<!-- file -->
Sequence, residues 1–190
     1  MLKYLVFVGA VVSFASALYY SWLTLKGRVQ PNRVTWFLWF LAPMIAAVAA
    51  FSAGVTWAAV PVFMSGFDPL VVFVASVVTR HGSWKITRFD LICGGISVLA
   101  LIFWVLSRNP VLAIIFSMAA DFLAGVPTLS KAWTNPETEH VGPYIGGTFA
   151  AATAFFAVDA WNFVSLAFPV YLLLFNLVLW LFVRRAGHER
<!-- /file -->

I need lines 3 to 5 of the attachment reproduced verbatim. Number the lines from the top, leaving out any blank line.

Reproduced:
    51  FSAGVTWAAV PVFMSGFDPL VVFVASVVTR HGSWKITRFD LICGGISVLA
   101  LIFWVLSRNP VLAIIFSMAA DFLAGVPTLS KAWTNPETEH VGPYIGGTFA
   151  AATAFFAVDA WNFVSLAFPV YLLLFNLVLW LFVRRAGHER